News From the Field
Strolling salamanders provide clues on how animals evolved to move from water to land
November 30, 2015
This material is available primarily for archival purposes. Telephone numbers or other contact information may be out of date; please see current contact information at media contacts.Around 390 million years ago, the first vertebrate animals moved from water onto land, necessitating changes in their musculoskeletal systems. Now, scientists are using clues from a living animal, the tiger salamander, to understand those changes. A new study evaluates what mechanisms drive diversity in bone function, providing new insight into the evolution of how the earliest four-legged vertebrate animals took their first steps on land.Full Story
National Institute for Mathematical and Biological Synthesis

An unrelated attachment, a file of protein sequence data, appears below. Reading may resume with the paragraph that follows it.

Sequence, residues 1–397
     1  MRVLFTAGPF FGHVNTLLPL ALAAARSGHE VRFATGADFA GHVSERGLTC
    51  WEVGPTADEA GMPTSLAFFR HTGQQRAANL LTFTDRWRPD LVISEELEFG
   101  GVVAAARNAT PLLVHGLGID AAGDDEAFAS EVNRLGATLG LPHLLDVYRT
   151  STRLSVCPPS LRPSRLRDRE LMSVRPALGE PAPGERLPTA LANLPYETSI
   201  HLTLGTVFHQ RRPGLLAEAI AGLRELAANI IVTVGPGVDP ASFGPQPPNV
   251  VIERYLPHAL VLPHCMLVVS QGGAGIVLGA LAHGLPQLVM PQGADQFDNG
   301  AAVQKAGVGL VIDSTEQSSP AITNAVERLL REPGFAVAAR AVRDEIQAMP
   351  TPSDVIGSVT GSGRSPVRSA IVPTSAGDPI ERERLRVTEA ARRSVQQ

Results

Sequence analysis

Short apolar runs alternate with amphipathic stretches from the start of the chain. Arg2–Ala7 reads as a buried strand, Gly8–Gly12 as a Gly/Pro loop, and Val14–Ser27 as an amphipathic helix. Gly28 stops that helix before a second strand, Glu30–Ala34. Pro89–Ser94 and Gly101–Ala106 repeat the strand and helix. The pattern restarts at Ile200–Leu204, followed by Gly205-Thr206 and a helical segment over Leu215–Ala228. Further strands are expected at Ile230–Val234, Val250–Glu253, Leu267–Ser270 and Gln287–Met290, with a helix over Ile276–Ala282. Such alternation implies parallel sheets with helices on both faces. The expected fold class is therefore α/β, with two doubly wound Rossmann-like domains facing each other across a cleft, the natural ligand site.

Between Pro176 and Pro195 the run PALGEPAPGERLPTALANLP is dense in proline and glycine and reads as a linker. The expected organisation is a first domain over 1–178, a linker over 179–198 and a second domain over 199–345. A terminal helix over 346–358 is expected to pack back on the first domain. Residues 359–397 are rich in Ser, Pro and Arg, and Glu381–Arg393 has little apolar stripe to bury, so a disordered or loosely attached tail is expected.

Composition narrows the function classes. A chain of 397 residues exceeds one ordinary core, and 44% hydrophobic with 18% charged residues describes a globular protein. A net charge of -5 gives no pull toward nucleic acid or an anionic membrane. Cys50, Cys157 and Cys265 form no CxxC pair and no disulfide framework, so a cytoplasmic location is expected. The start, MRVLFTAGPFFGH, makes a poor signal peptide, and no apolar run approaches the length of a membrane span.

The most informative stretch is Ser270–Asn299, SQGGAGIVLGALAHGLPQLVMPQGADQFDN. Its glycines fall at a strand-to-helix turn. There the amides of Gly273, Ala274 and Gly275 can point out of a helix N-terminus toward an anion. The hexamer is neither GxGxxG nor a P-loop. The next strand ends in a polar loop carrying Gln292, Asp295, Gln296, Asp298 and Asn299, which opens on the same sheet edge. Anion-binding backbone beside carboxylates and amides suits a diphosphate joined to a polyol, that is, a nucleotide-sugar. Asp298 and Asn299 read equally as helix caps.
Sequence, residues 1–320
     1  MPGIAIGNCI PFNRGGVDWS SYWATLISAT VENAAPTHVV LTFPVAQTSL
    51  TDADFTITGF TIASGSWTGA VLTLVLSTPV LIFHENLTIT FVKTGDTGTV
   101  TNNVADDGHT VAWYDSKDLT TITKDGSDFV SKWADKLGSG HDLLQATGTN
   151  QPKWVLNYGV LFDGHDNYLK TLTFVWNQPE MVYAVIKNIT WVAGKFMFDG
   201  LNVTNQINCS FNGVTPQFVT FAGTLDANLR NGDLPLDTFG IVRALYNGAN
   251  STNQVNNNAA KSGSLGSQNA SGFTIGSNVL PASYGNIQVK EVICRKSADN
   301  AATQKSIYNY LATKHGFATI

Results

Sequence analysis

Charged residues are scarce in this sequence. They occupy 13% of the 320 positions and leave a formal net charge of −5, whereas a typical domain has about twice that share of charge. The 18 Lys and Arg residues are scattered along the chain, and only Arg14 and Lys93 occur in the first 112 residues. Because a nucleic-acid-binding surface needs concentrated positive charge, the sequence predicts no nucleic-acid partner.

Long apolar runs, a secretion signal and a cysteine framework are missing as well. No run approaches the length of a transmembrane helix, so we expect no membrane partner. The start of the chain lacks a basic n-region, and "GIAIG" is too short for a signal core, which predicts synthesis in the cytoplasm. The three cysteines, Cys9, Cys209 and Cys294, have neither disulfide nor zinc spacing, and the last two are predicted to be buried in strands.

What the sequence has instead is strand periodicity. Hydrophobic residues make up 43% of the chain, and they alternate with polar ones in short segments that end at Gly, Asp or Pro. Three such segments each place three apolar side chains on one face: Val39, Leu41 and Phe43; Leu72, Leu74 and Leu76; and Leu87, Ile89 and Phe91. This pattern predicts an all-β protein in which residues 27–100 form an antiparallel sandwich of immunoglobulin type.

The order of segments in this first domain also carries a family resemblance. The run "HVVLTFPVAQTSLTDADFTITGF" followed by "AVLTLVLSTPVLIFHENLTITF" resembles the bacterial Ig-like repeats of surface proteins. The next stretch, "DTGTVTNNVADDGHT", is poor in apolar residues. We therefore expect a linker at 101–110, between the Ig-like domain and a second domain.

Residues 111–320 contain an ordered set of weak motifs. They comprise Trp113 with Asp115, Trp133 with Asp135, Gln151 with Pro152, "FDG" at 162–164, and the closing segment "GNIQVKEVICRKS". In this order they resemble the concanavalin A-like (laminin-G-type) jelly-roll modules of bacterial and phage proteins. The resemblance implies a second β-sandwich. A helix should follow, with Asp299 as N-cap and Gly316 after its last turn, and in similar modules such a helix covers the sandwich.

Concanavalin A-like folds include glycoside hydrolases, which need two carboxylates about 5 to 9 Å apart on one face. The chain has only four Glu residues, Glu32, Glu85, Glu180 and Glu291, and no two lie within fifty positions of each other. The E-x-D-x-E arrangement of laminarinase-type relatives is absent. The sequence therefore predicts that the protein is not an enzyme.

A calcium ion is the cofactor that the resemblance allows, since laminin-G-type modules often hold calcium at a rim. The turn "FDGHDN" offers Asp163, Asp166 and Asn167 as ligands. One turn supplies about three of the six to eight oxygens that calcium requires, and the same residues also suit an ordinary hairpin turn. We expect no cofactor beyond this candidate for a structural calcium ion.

The U.S. National Science Foundation propels the nation forward by advancing fundamental research in all fields of science and engineering. NSF supports research and people by providing facilities, instruments and funding to support their ingenuity and sustain the U.S. as a global leader in research and innovation. With a fiscal year 2021 budget of $8.5 billion, NSF funds reach all 50 states through grants to nearly 2,000 colleges, universities and institutions. Each year, NSF receives more than 40,000 competitive proposals and makes about 11,000 new awards. Those awards include support for cooperative research with industry, Arctic and Antarctic research and operations, and U.S. participation in international scientific efforts.